What to say to get what you need

I have listened to Glennon’s podcast We Can Do Hard Things with Brene Brown as her guest three times now. The title of this podcast is “What to Say to Get What You Need.” I am super busy and needing to get stuff done, but this podcast is the culmination of everything I have learned during my seminary career. I want to share a few important things that were discussed. The reason it is important is because what is shared is about forming meaningful relationships. This is my heart’s desire. It is about connection. Something we talk about often communally but have never really defined what connection actually is.

First, we cannot connect meaningfully to others without connecting to ourselves first. The depth we are connected to ourselves is the best predictor of our ability to connect, and how deeply, with others.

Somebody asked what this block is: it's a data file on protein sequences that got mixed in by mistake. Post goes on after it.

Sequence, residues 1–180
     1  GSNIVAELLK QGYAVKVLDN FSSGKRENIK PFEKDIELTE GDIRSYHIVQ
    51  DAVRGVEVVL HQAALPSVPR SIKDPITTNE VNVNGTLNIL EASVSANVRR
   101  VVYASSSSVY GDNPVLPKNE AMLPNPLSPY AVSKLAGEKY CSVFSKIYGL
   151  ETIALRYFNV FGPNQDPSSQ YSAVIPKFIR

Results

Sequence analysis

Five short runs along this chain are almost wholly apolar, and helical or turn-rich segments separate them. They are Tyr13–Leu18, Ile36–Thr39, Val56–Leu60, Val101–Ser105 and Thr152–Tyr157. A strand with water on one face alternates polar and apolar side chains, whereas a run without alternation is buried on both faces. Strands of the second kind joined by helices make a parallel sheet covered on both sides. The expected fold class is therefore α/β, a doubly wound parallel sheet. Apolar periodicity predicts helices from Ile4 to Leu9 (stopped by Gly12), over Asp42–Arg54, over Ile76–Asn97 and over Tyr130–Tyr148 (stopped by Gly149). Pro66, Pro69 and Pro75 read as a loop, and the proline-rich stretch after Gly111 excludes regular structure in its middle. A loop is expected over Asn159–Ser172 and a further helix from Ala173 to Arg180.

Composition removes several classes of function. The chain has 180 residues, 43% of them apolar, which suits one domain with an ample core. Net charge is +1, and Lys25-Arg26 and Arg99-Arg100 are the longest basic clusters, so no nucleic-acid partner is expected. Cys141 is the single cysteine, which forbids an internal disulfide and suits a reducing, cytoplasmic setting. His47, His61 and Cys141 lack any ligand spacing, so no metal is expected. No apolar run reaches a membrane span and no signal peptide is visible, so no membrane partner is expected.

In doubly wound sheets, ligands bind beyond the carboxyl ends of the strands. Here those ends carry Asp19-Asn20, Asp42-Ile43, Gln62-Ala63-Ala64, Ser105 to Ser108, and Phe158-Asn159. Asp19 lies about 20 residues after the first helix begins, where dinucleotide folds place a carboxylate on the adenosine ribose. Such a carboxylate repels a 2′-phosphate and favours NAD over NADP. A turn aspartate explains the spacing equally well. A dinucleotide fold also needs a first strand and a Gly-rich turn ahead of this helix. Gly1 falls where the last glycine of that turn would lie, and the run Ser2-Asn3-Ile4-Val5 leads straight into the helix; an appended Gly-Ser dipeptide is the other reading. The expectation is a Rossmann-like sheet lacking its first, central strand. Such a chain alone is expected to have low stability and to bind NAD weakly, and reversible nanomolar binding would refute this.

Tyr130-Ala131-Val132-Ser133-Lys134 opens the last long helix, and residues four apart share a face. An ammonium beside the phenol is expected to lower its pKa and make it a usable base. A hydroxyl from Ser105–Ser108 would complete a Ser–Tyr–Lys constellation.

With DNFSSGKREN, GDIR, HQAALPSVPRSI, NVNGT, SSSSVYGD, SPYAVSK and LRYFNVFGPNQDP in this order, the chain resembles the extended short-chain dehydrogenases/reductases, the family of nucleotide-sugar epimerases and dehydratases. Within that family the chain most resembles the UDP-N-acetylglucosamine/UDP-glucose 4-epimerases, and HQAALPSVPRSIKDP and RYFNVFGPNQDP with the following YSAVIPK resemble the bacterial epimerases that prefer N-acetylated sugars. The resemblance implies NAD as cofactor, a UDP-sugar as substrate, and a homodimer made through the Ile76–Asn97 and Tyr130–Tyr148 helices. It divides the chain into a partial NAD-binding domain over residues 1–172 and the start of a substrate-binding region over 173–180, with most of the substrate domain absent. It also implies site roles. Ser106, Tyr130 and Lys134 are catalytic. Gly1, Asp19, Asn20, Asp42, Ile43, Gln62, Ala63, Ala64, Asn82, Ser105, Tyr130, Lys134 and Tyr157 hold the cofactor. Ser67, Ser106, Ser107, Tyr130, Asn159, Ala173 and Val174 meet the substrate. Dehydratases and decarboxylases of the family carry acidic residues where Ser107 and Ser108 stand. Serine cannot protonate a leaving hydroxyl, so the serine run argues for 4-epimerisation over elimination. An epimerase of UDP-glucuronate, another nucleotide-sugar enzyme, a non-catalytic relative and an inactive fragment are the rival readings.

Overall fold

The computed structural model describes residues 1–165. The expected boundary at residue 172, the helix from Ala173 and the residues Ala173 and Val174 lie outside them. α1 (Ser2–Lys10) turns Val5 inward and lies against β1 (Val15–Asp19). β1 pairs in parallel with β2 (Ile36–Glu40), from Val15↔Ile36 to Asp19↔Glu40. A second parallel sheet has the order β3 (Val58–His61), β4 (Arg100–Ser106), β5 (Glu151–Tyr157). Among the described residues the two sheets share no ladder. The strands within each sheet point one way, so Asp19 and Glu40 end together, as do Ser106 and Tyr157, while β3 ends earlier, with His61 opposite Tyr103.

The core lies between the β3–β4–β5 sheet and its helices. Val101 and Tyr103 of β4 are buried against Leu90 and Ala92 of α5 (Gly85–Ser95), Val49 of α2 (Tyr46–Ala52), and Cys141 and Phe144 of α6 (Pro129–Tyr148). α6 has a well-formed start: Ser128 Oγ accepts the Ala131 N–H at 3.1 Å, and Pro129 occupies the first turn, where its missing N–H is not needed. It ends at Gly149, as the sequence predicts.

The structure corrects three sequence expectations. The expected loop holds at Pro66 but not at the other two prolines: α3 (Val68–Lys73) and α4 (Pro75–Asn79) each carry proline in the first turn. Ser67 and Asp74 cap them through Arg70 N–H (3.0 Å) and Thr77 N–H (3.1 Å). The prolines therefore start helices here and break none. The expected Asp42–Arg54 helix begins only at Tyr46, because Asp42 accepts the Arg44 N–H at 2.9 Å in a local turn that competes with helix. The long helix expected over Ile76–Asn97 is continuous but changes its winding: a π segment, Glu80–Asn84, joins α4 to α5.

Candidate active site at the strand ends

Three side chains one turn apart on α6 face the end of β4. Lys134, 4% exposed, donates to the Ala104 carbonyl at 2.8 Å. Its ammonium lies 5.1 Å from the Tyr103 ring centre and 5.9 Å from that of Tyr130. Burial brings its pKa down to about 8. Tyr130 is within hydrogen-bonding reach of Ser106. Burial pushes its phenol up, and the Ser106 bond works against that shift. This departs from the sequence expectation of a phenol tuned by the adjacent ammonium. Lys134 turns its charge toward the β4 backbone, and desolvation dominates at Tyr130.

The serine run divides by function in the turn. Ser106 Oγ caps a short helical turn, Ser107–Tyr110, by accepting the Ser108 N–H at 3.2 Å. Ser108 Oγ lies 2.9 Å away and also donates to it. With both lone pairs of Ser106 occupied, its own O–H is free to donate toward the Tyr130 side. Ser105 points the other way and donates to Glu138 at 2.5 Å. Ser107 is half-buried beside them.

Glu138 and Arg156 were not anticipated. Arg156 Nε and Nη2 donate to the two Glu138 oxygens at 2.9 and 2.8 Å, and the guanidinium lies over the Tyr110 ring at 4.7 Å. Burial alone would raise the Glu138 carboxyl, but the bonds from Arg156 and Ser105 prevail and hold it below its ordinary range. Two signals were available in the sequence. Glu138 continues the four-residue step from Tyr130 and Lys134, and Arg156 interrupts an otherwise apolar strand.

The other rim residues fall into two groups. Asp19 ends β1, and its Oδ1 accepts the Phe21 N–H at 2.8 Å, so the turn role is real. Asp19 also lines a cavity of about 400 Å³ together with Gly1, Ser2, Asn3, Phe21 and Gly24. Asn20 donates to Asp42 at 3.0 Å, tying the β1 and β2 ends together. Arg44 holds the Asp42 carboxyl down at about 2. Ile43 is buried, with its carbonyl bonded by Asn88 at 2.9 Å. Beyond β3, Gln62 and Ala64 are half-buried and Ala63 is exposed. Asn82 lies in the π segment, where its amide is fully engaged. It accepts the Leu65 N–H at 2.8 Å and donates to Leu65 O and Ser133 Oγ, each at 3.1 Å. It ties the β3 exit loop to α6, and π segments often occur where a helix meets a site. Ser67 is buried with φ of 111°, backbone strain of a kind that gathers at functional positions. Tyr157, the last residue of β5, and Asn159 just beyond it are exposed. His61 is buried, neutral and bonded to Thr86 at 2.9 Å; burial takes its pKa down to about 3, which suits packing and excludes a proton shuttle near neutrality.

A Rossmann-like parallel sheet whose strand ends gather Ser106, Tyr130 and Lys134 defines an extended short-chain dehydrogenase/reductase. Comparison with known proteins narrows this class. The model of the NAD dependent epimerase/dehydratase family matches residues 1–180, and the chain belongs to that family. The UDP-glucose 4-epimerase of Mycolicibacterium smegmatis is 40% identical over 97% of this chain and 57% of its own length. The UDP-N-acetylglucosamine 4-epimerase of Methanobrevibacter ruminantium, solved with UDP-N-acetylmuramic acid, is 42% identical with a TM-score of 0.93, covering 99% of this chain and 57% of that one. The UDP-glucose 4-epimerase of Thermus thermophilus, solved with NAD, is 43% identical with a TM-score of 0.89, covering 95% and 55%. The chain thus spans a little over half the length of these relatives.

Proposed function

Brene Brown has a new book out called Atlas of the Heart. The overall thesis is that the more we can identify and communicate our emotions, the more grounded we will become in ourselves. This is a book about emotions. This Enneagram 4 woman is super excited about this. Finally, a book with data to back up its findings to help guide us toward emotional intelligence and connection that is sorely lacking in our culture.
I was telling myself a story the other day about why a friend might be acting a certain way towards me. I caught myself and realized what I was telling myself was not real. I ended up reaching out to this friend asking a few questions and explaining why I was feeling anxious about it. I did this before I even heard this podcast. It was a good move and led to a fruitful conversation. I was not, in fact, interpreting the situation correctly. Brene Brown says she has learned after getting so much wrong for so long, we cannot recognize emotion in other people. Whoa! This is a deep truth.